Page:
The Kansas Legislature is the state legislature of the U.S. state of Kansas. It is a bicameral assembly, composed of the lower Kansas House of Representatives, composed of 125 Representatives, and the upper Kansas Senate, with 40 Senators. Republicans hold a long-standing supermajority in both houses.
Bleeding Kansas 
The Kansas Territory was created out of the Kansas-Nebraska Act in 1854. In several of the provisions of the act, the law allowed the settlers of the newly-created territory to determine, by vote, whether Kansas, once statehood was achieved, would be entered as either a free or a slave state. The act created a rush of both abolitionist Northern and pro-slavery Southern immigrants to the territory, hoping that strength through numbers would place Kansas in their camp. Animosities between the newly-arrived sides quickly turned into open violence and guerrilla warfare, giving name to this period known as Bleeding Kansas.
The Bogus Legislature 
During Kansas' first elections for a territorial government on March 30, 1855, nearly 5,000 Missouri men led by United States Senator David Rice Atchison and a group of prominent pro-slavery Missourians, crossed the territorial border to overwhelm the polling places and elect pro-slavery candidates. The Missourians elected a vast majority of the 39 members of the Territorial Legislature. Free-Staters immediately cried foul, naming the new Kansas Territorial Legislature the "Bogus Legislature." Upon convening in Pawnee and shortly later at the Shawnee Methodist Mission, the Legislature began crafting over a thousand pages of laws aimed at making Kansas a slave state.
The Four Constitutions and the Battle for Legitimacy 
In response to the illegitimacy of the Bogus Legislature, Free-Staters convened their own unauthorized shadow legislature and territorial government in Topeka, crafting their own Topeka Constitution in late 1855. While the document was debated and submitted to a vote to the territory, it was never accepted by the federal government as it considered the Free-State body illegitimate and in rebellion. The pro-slavery Legislature's response to the Free-Staters and growing violence was the writing of the Lecompton Constitution in 1857. Due to an electoral boycott by abolitionist groups and the questions regarding the validity of the Legislature itself, it never officially became law.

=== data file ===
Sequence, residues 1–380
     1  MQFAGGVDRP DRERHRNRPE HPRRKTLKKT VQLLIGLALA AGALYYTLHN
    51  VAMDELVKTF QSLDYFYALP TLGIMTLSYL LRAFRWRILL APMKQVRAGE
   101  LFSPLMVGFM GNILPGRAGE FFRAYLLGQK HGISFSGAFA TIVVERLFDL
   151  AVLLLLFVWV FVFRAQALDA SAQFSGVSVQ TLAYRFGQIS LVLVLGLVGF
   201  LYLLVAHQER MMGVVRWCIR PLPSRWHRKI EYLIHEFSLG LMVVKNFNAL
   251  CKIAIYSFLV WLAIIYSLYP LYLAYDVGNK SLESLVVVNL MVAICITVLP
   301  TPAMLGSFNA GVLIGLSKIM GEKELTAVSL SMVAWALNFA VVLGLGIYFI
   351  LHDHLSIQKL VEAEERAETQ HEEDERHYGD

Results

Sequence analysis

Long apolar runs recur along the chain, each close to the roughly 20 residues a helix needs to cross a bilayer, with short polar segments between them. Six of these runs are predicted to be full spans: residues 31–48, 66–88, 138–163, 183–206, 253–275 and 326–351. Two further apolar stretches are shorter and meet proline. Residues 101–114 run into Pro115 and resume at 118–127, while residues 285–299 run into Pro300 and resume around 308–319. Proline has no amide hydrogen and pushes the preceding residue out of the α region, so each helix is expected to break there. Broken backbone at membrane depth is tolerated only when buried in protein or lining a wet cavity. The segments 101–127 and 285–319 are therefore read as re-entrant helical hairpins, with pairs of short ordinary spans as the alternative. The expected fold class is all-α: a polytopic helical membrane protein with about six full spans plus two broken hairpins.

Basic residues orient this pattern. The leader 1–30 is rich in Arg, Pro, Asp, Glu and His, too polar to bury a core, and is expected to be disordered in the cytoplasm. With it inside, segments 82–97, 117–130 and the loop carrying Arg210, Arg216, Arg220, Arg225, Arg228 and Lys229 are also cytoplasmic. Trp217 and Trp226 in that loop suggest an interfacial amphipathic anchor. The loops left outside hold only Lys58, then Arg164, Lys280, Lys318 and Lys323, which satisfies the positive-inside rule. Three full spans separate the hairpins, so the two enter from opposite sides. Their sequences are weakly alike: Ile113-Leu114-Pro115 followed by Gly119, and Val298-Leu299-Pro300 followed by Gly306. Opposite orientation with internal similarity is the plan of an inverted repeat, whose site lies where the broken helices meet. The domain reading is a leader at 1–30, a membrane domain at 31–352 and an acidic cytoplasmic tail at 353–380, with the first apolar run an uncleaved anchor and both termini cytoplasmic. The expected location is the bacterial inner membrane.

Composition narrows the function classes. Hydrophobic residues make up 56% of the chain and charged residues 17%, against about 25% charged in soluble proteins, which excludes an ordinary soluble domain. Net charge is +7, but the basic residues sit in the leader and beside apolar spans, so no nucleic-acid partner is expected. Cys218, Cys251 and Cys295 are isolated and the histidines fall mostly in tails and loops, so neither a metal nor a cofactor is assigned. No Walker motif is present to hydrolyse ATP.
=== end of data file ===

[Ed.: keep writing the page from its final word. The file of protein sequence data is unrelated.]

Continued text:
While the Lecompton Constitution was debated, new elections for the Territorial Legislature in 1857 gave the Free-Staters a majority government, caused in part to a boycott by pro-slavery groups. With this new mandate, the Legislature convened to write the Leavenworth Constitution, a radically progressive document for the Victorian era in its wording of rights for women and African-Americans. The constitution was adopted in 1858, though it too suffered the same fate as previous documents when the U.S. Congress refused to ratify it.
Following the Leavenworth Constitution's defeat, the Legislature again crafted a new document the following year, dubbed the Wyandotte Constitution. A compromise of sorts, it outlawed slavery in the territory, while removing progressive sections on Native Americans, women and blacks. The Legislature successfully passed the document, and submitted it to public referendum. It was passed by the Kansas electorate on October 4, 1859.
Statehood and the American Civil War 
Following long debates in both the U.S. House of Representatives and the Senate, on January 29, 1861, President James Buchanan authorized Kansas to become the 34th state of United States. It had entered into the Union as a free state. Only six days later, the Confederate States of America formed between seven Southern states that had seceded from the United States in the previous two months.
The Kansas Legislature is composed of 165 part-time legislators, meeting normally once a year. Meetings begin in January and usually will last for a period of 90 days. The Governor of Kansas retains the power to call a special legislative session if needed.
See also 
- Kansas State Capitol
- Kansas House of Representatives
- Kansas Senate
- American Legislative Exchange Council members
Kansas Legislative Procedure Manual